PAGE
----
- Festive grocery sales hit highest point for four years
- Shoppers spent an extra half a billion pounds compared to last year
- Grocery market returns to inflation for first time since 2014
Iceland outgrew the big four at Christmas as festive grocery sales climbed to their highest level for four years, according to the latest industry data.
Separately Kantar figures showed that shoppers spent an extra half a billion pounds in supermarkets in the 12 weeks to January 1 compared to last year. Kantar also noted that the grocery market has returned to inflation for the first time since 2014.
The market leader registered a 1.9% uplift in sales across the 12-week period, as its market share held steady at 27.6%.
Morrisons was the only other member of the big four to post a rise in sales across the 12 weeks, as revenues climbed 0.5%.
Aldi was again the fastest-growing grocer after the retailer’s sales spiked 10.4% to take its market share to 6.9%.
Discount rival Lidl posted a 5.8% uplift in the 12-week period, while upmarket grocer Waitrose enjoyed a 3.6% sales boost.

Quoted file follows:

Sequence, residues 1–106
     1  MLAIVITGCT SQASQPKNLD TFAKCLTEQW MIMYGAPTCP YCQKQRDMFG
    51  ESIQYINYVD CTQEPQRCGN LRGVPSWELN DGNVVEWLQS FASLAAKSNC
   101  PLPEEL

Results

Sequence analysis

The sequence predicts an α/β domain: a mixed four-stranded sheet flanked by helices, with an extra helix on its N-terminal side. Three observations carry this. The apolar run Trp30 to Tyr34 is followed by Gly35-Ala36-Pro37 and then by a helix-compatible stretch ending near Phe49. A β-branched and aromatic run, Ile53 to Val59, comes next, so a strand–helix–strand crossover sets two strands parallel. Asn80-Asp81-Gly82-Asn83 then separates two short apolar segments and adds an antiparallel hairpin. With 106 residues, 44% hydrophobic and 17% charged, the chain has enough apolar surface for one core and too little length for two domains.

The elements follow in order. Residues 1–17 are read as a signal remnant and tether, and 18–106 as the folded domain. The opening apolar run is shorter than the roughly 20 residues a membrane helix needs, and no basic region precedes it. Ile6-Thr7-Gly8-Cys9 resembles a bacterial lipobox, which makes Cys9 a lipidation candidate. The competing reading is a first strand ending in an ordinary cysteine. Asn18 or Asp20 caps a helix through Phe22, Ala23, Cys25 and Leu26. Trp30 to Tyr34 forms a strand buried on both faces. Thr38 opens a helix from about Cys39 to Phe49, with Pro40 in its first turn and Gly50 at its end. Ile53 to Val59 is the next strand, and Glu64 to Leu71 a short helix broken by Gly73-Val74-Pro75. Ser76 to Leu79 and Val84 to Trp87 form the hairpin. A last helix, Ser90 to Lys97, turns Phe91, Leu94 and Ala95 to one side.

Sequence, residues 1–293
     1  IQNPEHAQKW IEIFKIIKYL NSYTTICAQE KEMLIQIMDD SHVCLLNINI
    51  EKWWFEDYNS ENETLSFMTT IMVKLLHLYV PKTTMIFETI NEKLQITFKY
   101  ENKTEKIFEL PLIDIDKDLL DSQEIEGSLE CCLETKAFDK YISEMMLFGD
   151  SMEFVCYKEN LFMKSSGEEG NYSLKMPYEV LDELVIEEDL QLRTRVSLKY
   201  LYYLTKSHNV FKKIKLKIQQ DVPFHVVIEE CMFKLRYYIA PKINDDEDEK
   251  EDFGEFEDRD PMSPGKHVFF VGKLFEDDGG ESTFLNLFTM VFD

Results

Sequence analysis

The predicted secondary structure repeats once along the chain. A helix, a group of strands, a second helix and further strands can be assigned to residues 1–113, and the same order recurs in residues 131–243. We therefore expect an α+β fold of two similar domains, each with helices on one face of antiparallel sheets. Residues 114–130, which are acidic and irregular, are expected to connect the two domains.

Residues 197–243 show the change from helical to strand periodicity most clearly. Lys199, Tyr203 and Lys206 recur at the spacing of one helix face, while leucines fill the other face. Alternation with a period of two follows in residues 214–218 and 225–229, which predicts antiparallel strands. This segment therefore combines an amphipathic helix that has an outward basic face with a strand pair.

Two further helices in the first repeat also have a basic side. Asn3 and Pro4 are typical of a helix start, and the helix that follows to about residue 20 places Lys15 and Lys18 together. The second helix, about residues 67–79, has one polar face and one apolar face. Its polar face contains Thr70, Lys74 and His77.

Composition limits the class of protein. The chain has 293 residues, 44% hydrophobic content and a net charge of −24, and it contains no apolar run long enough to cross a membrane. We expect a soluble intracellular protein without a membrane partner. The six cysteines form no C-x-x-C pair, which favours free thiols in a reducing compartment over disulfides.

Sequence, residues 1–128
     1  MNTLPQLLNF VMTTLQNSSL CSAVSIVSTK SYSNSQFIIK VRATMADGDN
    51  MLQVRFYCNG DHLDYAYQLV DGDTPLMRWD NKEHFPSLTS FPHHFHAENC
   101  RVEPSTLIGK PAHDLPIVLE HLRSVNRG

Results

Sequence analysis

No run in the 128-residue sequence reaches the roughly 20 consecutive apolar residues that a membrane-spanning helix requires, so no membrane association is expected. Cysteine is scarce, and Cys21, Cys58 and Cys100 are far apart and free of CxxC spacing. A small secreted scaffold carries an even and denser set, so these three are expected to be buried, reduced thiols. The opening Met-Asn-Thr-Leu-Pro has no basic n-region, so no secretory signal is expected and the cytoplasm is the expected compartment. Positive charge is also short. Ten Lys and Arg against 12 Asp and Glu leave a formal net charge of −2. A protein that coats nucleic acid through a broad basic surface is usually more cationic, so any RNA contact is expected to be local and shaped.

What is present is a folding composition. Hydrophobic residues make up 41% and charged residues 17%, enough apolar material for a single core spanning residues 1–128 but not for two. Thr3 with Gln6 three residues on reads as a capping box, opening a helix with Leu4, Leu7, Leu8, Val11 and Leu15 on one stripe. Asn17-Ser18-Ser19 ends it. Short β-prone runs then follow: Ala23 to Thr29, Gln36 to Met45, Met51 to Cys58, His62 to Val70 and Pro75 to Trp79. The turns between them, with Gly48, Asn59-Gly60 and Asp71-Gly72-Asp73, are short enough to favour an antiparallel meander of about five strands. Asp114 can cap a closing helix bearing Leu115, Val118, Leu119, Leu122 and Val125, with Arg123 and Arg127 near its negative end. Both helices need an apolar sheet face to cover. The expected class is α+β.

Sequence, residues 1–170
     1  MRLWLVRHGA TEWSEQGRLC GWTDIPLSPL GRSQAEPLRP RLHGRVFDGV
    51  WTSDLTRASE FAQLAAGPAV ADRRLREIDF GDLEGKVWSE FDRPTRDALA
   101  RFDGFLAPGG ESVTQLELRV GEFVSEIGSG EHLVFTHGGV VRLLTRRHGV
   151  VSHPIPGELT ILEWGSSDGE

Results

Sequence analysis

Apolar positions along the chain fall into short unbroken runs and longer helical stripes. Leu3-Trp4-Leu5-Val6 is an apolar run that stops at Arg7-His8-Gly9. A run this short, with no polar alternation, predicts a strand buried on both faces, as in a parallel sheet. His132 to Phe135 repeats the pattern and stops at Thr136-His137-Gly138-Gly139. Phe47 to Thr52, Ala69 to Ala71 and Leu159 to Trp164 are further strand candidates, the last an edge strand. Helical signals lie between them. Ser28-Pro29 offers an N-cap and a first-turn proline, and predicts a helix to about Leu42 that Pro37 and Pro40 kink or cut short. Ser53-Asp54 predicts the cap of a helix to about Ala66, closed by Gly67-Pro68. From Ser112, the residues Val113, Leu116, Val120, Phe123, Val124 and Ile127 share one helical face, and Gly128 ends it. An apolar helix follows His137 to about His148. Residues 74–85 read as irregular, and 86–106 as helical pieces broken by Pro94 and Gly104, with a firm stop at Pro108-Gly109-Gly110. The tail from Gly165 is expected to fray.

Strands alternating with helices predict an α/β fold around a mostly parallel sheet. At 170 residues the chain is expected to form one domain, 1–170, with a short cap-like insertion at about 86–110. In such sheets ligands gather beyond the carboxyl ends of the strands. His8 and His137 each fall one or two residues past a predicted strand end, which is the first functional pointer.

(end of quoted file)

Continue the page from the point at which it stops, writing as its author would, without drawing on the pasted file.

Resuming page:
During the shorter festive trading period covering the four weeks ending December 31, takings at the tills jumped 3.3%, Nielsen statistics revealed.
It marked the highest rate of festive sales growth since 2012 – when grocery revenues climbed 3.7% – and a huge improvement on last year, when sales were flat.
Aldi’s sales rocketed 15% over the shorter four-week period, while Morrisons was the best-performing member of the big four over that timeframe, growing sales 3.4%.
Consumers left their grocery shopping late this year, as sales surged 22% in the week ending Christmas Eve. Spending in the final two weeks of the year alone hit £5.9bn, Nielsen said.
Mike Watkins, Nielsen’s UK head of retailer and business insight, said the strong performance of the grocery sector was helped by retailers simplifying their promotional strategies.
Just 27% of purchases were made on sales or promotions at Christmas, down from 31% the prior year.
“Stronger communication on price cuts and less complicated promotions helped capture the seasonal and discretionary spend which had been ‘missing in action’ for much of 2016,” Watkins said.